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Skinhead: An Archive exhibition, Ditto Press, 2014

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Skinhead: An Archive exhibition, Ditto Press, 2014

Design-wise Jamie Reid (Ditto’s long-time designer rather than the Reid of Sex Pistols fame) has echoed the book’s aversion to the obvious, shunning a visual language that glamourises aggression or borrows too heavily from the scene’s origins in reggae and Rude Boy culture. Instead, chapters have been divided with simple, yet powerful typographic pages, set in Skin, a font designed by Reid especially for the book (and available to purchase from Ditto) based on a re-drawing of a headline typeface from an article in Penthouse on the skinhead subculture published in the 1980s. Each of these pages is paired with a patterned frontispiece made up from icons inspired by the chapter’s theme. Perhaps a no-brainer for a publisher that started off as a risograph press but incredibly effective nonetheless, the large majority book has been printed in riso (largely in black and white but with carefully chosen one or two-colour highlights) in keeping with the the photocopied, low-cost production of much of the featured material. There is a small offset chapter, which features coloured photographs, DVD covers and the like, introduced where risograph would detract from the power of the original imagery.

Elsewhere, the essays have been printed on red stock with a narrower page width, a clever way to make a clear visual division between the archive material and contemporary additions. Where the text does not quite fill both sides, Reid has developed a series of stylised illustrations inspired by promotional material for skinhead shop The Last Resort, printed in gold matching the book’s unexpectedly gleaming cover. A similar Last Resort illustration, a skinhead pinned to the cross, has also been used for the cover, adapted from a male to a female figure by Ditto to echo the book’s unorthodox approach. “There's a famous meme within skinhead and hardcore music of people being crucified for their beliefs,” explains Freemans. “It stems from this weird victim mentality within some quite aggressive subculture scenes.”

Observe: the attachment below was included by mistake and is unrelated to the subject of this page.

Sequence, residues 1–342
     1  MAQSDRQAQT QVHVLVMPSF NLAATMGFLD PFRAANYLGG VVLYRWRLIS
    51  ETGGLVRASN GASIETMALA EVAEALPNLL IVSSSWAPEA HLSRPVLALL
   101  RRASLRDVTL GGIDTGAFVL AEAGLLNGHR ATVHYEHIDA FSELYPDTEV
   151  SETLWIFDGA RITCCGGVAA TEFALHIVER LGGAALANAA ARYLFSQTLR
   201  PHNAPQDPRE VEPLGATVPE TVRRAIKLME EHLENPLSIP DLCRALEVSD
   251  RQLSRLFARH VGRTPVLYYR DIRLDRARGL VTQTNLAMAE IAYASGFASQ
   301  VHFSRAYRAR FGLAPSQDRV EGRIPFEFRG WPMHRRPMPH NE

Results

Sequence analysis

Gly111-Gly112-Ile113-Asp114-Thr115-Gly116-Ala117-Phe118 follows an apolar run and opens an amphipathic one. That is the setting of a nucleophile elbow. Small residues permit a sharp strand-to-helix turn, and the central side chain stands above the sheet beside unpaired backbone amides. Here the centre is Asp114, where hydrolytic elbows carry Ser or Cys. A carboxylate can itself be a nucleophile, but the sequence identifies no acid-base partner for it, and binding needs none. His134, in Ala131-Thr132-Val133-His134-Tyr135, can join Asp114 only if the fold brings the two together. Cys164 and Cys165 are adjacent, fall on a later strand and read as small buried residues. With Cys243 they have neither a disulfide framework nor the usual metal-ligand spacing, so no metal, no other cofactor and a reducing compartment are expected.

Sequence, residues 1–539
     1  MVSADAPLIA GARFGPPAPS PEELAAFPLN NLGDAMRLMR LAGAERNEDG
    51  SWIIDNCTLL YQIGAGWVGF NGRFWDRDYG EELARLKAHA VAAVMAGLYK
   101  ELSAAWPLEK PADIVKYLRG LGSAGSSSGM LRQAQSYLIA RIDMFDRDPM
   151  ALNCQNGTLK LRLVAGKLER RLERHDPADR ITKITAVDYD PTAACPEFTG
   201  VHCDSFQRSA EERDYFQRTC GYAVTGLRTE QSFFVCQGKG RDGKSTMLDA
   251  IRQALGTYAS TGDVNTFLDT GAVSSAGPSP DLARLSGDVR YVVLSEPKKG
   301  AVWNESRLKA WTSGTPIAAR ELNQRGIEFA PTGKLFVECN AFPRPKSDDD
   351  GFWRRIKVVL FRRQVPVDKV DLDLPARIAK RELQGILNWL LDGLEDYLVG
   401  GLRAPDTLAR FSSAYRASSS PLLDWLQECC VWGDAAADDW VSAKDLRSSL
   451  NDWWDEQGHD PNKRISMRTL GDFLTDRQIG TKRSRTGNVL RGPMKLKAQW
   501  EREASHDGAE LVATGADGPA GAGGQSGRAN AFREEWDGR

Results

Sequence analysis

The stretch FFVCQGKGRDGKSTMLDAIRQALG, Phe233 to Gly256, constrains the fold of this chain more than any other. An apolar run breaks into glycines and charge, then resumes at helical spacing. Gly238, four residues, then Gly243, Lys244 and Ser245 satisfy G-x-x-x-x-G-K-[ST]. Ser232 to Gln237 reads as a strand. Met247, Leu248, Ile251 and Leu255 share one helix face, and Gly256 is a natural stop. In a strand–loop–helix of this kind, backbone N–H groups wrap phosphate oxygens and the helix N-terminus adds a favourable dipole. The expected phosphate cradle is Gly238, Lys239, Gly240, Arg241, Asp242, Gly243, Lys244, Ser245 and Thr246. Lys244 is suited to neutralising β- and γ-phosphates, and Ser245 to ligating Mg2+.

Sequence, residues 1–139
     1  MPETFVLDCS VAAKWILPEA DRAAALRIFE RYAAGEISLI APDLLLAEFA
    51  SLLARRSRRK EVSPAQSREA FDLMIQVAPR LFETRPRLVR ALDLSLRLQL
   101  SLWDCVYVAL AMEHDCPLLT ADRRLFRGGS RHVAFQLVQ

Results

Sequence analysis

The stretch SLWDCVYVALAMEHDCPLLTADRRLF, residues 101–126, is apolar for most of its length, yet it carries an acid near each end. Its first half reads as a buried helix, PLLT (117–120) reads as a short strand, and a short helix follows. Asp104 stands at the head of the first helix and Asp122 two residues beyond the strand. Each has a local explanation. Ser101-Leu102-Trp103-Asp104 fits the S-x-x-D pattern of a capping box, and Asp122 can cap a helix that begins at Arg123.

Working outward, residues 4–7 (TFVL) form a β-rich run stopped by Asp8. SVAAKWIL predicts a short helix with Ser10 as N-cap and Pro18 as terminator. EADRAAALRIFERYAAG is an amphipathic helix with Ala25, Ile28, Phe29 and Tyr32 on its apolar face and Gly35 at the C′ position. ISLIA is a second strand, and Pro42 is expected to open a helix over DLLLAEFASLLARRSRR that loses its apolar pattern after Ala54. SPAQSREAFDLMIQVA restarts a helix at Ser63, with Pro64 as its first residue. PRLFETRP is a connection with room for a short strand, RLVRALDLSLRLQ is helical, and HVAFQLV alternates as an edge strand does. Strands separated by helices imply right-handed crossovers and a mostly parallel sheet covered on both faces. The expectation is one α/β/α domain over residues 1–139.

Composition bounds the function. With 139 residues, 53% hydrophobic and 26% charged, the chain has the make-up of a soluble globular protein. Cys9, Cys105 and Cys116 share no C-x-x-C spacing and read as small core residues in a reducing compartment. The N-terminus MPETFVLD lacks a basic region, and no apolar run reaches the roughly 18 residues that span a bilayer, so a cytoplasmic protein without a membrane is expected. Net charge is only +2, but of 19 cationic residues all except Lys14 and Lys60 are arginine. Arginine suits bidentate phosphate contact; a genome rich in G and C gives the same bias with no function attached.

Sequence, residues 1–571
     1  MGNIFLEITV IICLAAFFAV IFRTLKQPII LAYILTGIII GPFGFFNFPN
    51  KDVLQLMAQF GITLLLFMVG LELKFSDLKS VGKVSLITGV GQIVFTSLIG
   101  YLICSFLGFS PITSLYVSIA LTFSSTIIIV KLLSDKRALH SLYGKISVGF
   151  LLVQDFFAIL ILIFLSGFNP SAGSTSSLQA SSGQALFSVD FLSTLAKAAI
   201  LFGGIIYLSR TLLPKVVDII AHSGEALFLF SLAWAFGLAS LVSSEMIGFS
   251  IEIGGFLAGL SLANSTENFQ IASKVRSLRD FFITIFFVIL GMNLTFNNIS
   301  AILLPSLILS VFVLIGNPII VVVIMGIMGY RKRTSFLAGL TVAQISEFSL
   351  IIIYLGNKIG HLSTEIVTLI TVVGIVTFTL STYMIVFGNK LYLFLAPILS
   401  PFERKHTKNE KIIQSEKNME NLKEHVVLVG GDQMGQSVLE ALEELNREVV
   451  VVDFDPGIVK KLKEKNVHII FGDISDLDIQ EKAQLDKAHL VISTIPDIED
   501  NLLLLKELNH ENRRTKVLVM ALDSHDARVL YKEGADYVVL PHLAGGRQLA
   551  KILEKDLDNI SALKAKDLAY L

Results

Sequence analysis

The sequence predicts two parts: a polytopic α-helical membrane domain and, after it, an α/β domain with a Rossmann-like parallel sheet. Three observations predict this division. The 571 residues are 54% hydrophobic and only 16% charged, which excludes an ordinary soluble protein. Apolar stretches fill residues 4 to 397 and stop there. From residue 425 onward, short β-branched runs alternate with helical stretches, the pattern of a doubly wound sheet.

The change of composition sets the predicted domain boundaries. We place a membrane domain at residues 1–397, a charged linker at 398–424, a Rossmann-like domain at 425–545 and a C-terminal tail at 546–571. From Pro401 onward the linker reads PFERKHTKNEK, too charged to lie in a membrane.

As Freeman points out, there is something in this book to offend everyone (if they want it), and for me, the only element that triggers a somewhat uncomfortable response is a chapter dedicated to female skinheads called Girl Skins. Despite the chapter being largely comprised of images of skin pin-ups (a cover of the Skinhead Times features a photograph of Noelle Cutler, Miss Skinhead 1993, with the headline “Full Address And ‘Phone Number Inside!”, for example) rather than female activists or such, my issue is not with the objectification of women that the chapter presents (just turn to Queer Skins to see similar objectification of men) but with the omission of a female voice contextualising it. Unlike the Queer Skins chapter, there isn’t an accompanying essay shedding light – whether a personal recollection or a more historical viewpoint – on what it was like to be a female skinhead in an overwhelmingly masculine subculture. Just like the insight that the skinhead was worn by some members of the gay community in support of HIV positive men whose treatment made them loose their hair, I imagine a parallel essay to accompany the Girl Skins chapter would have yielded similarly unexpected discoveries. 

On the whole, the book is an substantial, and well thought-out project that uses Ditto’s in-house printing processes innovatively and with real consideration for the archive material. Skinhead: An Archive is a beautiful object and a promising indication of Ditto’s evolution for 2015.

Skinhead: An Archive, curated by Toby Mott 
Published by Ditto Press, £38

An accompanying exhibition runs at Ditto Gallery until 22 Jan 2015

Skin, a typeface by Jamie Reid, is available from the Ditto shop for £40